Japan plots shift from coal to renewable energy

04-Jul-2020 Intellasia | KyodoNews | 8:51 AM Print This Post

Japan will begin discussions this month on concrete steps to reduce its dependence on coal and shift towards renewable energy sources to cut down on carbon emissions, Industry minister Hiroshi Kajiyama said Friday.

The announcement came a day after reports that Japan will shut down 100 or so of its 140 existing coal-fired generators by fiscal 2030 amid international criticism that it is not doing enough to fight global warming.

“We will look for ways to usher out low-efficiency coal while ensuring there is enough capacity to maintain a stable energy supply,” Kajiyama told a press conference, adding that placing new restrictions on electric utilities could be an option.

Japan currently depends on coal to generate 32 percent of its electricity, compared with just 17 percent generated by renewable energy sources such as solar and wind power.

Kajiyama said the government will look for ways to promote renewable energy, including by reforming rules on using the power grid. The Ministry of Economy, Trade and Industry will set up an expert panel in July to come up with specific steps.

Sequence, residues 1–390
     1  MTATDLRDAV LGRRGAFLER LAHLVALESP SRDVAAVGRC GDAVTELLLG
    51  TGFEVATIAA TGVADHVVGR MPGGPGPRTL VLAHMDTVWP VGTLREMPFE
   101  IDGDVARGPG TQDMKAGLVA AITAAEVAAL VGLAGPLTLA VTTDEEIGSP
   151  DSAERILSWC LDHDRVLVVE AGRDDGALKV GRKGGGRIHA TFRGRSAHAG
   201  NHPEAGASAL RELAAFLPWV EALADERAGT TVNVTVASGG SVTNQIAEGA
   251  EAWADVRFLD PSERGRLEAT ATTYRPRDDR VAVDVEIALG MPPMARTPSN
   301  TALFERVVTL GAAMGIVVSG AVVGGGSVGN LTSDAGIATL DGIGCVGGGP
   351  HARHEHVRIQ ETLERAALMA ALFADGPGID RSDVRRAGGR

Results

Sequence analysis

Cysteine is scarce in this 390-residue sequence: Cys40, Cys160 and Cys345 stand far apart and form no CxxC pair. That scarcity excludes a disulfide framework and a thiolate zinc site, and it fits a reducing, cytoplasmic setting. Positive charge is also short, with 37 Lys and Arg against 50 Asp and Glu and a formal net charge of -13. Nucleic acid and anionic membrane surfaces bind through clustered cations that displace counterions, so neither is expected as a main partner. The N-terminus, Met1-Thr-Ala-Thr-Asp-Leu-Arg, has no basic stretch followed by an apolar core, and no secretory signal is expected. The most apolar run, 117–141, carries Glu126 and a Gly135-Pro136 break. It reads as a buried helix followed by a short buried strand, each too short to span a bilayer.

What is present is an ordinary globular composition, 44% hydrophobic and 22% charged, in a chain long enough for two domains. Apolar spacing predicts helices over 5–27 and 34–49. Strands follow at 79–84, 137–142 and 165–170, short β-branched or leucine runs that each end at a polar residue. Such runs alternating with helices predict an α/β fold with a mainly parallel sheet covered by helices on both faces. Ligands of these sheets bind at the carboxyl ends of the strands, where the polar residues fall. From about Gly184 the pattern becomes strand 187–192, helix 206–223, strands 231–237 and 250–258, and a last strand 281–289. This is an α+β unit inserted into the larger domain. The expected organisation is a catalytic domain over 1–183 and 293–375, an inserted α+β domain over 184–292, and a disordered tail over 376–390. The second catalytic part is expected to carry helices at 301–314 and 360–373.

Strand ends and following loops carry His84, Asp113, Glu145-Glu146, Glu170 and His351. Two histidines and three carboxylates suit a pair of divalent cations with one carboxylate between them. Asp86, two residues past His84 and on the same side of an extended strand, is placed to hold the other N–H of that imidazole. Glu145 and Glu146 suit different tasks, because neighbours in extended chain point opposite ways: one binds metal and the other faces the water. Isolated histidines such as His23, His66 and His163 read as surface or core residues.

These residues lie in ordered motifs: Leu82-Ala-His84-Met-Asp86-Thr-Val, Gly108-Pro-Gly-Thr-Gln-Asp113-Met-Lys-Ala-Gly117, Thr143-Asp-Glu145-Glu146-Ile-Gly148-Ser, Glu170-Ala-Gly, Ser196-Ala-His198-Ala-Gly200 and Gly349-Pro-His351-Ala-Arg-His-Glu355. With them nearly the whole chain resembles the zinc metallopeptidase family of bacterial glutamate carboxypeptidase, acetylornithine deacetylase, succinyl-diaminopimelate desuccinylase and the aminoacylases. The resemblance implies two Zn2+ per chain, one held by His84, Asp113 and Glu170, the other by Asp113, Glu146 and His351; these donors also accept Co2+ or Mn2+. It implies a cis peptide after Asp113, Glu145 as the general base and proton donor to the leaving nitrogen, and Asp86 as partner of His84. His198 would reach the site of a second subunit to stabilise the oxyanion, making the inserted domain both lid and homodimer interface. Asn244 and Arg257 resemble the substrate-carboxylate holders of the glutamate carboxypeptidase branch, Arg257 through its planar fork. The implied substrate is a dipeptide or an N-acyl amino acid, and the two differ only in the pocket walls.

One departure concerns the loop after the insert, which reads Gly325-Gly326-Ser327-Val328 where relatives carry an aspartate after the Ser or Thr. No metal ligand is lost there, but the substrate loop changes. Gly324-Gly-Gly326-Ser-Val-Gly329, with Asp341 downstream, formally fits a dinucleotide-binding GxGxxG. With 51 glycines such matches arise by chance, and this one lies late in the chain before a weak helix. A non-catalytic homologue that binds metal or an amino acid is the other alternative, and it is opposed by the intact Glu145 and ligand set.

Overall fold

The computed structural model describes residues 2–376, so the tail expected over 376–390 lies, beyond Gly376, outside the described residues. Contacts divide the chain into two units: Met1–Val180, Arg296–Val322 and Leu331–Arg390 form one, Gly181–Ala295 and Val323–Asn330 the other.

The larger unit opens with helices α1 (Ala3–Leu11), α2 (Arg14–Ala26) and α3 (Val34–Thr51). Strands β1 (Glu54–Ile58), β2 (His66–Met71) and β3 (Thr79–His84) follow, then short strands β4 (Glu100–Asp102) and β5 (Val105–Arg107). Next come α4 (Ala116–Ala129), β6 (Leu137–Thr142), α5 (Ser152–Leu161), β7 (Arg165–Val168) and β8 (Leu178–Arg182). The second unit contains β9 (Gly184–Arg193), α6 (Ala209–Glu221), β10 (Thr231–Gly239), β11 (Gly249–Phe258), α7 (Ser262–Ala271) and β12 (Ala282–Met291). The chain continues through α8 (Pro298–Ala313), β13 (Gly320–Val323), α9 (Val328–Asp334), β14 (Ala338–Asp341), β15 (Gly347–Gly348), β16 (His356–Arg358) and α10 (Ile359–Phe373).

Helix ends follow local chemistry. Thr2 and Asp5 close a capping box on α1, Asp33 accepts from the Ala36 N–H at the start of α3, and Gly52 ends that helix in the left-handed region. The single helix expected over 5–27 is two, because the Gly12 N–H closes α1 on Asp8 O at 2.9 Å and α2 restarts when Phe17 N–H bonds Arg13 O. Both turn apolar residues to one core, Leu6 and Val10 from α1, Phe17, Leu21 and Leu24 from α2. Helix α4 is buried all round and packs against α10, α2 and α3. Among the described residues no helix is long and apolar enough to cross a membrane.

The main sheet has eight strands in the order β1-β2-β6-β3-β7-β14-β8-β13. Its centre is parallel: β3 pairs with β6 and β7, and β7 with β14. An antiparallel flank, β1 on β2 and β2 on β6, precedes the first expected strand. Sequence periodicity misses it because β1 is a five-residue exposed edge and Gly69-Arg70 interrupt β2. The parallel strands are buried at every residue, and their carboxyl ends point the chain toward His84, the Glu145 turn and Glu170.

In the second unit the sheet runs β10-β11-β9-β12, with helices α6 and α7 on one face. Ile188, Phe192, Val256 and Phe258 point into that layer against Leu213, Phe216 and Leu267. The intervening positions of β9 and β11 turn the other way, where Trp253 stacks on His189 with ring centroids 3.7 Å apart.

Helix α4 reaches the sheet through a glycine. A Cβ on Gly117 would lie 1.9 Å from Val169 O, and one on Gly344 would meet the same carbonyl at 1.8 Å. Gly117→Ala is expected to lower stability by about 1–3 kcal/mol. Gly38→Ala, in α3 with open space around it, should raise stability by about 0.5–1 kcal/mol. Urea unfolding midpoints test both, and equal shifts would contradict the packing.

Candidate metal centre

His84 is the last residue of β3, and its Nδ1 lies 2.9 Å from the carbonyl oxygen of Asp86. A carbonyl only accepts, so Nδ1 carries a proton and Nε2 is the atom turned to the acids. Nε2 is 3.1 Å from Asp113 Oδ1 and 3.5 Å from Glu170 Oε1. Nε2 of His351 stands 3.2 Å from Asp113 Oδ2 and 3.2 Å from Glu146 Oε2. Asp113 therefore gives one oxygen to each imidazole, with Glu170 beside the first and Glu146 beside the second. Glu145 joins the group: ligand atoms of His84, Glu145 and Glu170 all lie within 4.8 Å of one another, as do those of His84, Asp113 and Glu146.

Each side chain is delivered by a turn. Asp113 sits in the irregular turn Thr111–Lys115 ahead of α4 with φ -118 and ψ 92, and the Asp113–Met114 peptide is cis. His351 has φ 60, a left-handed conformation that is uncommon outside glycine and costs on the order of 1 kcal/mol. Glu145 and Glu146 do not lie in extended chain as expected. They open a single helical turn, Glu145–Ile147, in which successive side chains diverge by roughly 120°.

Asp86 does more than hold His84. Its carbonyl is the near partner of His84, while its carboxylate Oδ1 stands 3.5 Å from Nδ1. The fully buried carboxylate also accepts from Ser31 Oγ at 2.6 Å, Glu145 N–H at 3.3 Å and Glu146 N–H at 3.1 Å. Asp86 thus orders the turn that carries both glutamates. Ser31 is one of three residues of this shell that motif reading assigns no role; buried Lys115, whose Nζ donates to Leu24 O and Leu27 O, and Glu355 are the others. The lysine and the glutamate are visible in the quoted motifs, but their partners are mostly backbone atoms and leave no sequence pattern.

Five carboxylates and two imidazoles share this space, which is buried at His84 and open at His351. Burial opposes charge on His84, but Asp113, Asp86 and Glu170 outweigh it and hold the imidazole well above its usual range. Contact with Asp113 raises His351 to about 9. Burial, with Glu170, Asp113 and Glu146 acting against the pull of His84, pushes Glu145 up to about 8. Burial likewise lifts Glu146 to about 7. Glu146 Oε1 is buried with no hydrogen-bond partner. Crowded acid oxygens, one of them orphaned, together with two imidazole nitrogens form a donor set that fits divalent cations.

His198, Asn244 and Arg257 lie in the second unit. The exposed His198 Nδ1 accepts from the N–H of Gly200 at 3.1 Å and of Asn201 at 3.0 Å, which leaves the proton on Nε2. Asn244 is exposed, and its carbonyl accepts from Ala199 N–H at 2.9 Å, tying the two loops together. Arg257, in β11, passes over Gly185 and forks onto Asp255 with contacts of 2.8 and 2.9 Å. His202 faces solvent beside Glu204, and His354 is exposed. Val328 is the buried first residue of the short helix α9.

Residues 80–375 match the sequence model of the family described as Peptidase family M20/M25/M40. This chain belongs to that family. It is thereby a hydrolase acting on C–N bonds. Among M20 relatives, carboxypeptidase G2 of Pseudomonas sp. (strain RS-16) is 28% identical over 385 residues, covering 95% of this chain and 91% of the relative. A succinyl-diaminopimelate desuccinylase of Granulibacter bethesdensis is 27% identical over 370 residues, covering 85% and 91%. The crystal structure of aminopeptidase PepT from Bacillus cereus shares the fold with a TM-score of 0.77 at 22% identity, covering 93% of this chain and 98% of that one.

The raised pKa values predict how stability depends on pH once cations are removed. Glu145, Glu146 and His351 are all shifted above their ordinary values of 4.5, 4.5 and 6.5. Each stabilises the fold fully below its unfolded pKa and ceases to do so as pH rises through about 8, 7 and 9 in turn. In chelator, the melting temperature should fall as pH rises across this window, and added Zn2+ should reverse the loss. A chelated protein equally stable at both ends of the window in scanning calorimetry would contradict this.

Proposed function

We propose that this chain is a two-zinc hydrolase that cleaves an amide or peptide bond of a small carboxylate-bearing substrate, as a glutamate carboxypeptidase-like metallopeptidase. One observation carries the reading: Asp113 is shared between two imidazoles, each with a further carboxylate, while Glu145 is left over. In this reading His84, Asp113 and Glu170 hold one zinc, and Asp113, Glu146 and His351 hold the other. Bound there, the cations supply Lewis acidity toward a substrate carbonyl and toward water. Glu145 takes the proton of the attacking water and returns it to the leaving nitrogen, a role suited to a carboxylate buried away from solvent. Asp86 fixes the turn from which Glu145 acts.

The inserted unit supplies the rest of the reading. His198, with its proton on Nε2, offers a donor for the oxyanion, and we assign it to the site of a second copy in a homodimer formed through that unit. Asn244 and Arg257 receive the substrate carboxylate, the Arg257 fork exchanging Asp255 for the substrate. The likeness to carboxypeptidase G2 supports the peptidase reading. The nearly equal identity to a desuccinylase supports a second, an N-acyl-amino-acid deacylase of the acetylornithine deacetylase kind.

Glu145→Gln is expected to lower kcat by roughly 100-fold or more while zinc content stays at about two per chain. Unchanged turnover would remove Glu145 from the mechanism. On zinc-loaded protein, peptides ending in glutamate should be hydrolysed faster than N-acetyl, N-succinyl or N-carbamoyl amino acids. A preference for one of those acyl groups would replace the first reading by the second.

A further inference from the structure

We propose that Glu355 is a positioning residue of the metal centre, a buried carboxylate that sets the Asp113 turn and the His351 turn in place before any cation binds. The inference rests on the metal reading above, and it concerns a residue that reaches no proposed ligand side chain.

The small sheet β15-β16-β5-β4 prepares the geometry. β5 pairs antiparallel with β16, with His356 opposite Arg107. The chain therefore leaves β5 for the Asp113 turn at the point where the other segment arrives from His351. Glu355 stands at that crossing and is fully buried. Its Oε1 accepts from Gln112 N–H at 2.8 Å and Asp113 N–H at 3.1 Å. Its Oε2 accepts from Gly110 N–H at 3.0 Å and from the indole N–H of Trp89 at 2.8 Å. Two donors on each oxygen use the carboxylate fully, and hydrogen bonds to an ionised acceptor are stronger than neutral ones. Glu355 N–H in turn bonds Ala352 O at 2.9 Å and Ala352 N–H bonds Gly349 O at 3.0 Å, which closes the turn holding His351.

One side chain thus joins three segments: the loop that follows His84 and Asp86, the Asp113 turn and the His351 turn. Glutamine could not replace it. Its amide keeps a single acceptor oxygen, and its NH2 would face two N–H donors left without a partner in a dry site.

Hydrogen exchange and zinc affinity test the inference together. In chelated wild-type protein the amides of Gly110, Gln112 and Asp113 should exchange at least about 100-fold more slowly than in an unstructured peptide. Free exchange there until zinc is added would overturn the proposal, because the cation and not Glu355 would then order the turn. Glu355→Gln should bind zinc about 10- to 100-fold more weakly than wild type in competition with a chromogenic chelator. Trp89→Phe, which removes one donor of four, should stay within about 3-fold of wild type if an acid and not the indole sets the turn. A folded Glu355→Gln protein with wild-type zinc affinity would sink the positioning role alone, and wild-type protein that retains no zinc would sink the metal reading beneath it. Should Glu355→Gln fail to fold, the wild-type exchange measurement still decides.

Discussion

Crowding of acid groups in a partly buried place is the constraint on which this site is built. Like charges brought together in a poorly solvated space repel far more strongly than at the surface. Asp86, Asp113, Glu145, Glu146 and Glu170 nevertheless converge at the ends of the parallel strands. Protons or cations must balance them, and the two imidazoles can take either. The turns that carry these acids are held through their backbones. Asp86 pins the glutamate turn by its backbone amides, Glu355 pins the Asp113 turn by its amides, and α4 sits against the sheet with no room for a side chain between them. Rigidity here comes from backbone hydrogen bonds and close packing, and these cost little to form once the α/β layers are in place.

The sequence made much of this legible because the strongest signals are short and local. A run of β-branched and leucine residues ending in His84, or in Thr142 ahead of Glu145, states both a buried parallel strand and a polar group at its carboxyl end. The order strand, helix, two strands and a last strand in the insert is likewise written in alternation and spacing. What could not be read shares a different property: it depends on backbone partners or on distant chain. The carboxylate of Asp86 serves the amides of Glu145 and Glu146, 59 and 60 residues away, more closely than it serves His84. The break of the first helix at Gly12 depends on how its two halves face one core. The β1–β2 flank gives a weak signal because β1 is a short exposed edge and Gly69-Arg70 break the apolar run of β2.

Environment minister Shinjiro Koizumi said at a press conference that it was a “big step towards showing the international community Japan’s commitment to realising a carbon-free society.”

Under its Strategic Energy Plan, released in 2018, Japan aims to reduce its dependence on coal to 26 percent by fiscal 2030, while boosting its reliance on renewable energy to 22 to 24%, and nuclear energy from 6 percent to 20 to 22%.

Kajiyama said the ministry is also considering tougher requirements for firms receiving government support to export coal technology.

But he stressed that Japan would not quit such exports outright.

“Some developing countries have no choice but to use coal for their energy needs, for economic reasons or because they don’t have other natural resources,” he said.

Of Japan’s 140 coal-fired generators, 26 are considered high efficiency and will likely remain operational past fiscal 2030. A further 16 are currently under construction.

The only member of the Group of Seven industrialised nations still pursuing new coal-fired power plants, Japan last December was awarded the “Fossil of the Day” award from an environmental group during a UN climate change conference for refusing to phase out coal.

In March, Japan maintained its target of a 26 percent reduction in carbon emission from fiscal 2013 levels by fiscal 2030 under the Paris Agreement despite calls to set a more ambitious goal.



Category: Japan

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